Editorial: Budget crisis lurks behind other CPS woes
August 25, 2013 9:50PM
CPS has designated "Safe Passage" routes with yellow signs before school opens on Monday. | Alex Wroblewski~Sun-Times
Updated: September 27, 2013 6:05AM
On this first day of school in Chicago, the lion’s share of attention will focus on just how safe are CPS’ “safe passage” routes and just how prepared are the 51 schools welcoming students from schools closed in June.
As it should be.
But lurking in the background is an even bigger story — a quieter, less showy one that left unaddressed could undermine every gain the schools have made and undercut every plan in the works.
We’re talking about CPS’ anemic budget and the slow-bleed crisis it has spawned.
Faced with rising costs, most notably a $404 million increase in its pension bill this year, CPS’ budget ax hacked deeply into the schools this year, eliminating art teachers, reading teachers, toilet paper budgets, counselors, bus and classroom aides, clerks and lunchroom ladies. The school board votes on this budget Wednesday.
And this is just the beginning. CPS’ pension bill stays at an elevated level for the foreseeable future. This year, CPS is relying on $700 million in mostly one-time reserves to fill a nearly $1 billion deficit. Next year’s hole is estimated at $914 million.
Without cuts to teacher pension benefits — and we have argued strongly for the state Legislature to do that today, right now — and revenue growth, CPS does not have enough dollars to go beyond a bare-bones education.
Consider this year’s damage: CPS says its overall spending plan includes a $68 million cut to the school-based instructional budget for traditional and charter schools. With offsetting spending increases, CPS says the net cut is $20 million.
But that’s just a portion of what is spent at each school. A look at total budgets by the parent group Raise Your Hand yields an estimated loss of $164 million for traditional public schools. RYH excluded charter schools. The $164 million includes losses attributable to funding formulas that are outside CPS’ control and to changes in enrollment at individual schools. RYH did not calculate a net figure.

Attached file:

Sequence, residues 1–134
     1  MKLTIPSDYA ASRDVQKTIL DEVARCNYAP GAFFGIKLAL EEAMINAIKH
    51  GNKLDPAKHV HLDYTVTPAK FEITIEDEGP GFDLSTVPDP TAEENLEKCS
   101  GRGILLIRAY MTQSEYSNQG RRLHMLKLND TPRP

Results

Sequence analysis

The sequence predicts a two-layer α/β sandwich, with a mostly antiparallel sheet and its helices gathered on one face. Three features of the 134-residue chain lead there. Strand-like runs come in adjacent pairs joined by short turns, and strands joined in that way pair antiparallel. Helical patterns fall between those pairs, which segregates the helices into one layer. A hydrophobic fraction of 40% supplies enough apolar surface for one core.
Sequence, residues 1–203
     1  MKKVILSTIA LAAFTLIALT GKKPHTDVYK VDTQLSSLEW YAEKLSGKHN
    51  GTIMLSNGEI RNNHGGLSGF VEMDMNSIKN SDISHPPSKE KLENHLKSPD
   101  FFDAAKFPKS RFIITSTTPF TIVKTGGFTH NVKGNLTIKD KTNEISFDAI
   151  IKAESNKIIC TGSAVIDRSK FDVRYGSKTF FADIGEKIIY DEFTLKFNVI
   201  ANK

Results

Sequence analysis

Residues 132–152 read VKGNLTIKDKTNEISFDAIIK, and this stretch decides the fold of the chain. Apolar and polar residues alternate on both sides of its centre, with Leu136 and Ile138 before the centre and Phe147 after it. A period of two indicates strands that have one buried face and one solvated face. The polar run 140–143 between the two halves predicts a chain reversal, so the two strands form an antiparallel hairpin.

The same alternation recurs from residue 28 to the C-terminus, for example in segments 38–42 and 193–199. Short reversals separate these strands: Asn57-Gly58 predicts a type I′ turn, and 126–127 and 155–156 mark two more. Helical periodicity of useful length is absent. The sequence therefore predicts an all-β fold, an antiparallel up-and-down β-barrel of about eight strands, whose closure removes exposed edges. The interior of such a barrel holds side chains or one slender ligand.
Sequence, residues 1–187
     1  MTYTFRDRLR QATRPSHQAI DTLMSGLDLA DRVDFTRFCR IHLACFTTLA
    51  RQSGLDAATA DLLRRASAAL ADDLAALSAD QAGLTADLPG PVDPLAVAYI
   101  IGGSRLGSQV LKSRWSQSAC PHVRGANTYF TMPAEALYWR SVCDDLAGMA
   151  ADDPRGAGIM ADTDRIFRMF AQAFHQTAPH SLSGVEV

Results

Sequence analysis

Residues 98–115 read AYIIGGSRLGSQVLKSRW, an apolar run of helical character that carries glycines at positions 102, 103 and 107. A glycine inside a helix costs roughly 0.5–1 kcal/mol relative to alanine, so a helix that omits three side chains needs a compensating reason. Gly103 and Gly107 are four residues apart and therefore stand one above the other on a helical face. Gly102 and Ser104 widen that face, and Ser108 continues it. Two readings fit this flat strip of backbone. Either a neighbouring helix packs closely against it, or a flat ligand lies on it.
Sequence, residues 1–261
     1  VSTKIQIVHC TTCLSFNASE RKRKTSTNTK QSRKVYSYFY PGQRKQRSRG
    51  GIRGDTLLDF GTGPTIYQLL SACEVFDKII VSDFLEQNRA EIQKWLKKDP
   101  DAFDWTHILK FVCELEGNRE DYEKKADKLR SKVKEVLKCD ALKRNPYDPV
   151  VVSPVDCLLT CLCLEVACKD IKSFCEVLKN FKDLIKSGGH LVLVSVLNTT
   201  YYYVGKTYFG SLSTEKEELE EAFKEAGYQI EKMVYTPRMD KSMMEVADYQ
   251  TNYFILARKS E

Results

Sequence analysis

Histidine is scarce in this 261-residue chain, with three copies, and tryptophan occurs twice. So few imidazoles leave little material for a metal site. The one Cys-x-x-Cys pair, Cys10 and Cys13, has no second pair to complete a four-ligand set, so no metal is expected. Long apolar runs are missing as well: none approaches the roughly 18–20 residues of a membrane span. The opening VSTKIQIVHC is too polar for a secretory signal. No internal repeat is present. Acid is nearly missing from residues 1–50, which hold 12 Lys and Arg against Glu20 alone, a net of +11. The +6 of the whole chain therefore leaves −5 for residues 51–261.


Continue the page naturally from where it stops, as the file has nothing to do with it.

Theses cuts include staff hired just last year to enrich a longer school day, as well as extra staff that can make the difference between a school that functions and one that can barely keep the lights on.
In many cases, the cuts have hit schools in better-off neighborhoods particularly hard, such as Blaine in Lake View, that has over the last 10 to 15 years drawn in neighborhood families to create one of the city’s top scoring non-selective elementary schools. Blaine’s budget was cut $610,000.
Cut too deep and families with options will leave, stripping Chicago of its essential middle class base.
“I know lots of families that are leaving and I don’t blame them,” parent Janet Meegan told us.
Meegan’s son goes to Mitchell Elementary in West Town. Her local school council and principal told parents that the up-and-coming school faced nearly $800,000 in cuts, forcing them to jettison the librarian, a reading specialist hired to enhance the longer school day and a bilingual teacher.
The lowest-income schools haven’t been spared either, places where families have fewer options.
“People who can will leave for someplace where it’s easier to live,” Meegan said. “And then you have a lot of families who are stuck.”
In years past, about 60 percent of teachers laid off were rehired elsewhere in the school system, CPS says, though it’s hard to see the school system matching that rate in this difficult budget year.
It’s also important to note that CPS this summer has released an extra $50 million to schools and hiring has been on-going since the biggest round of layoffs in late July. CPS’ spokeswoman says some schools have reversed decisions to eliminate positions. The true state of hiring won’t be clear until well into September.
Perhaps this year’s damage isn’t as bad as many parents fear.
But even that won’t change the grim outlook for future years.
The question then, on this first day of school, is what kind of schools does Chicago want?
And most importantly, are we willing to cut pension costs and find more money to support them?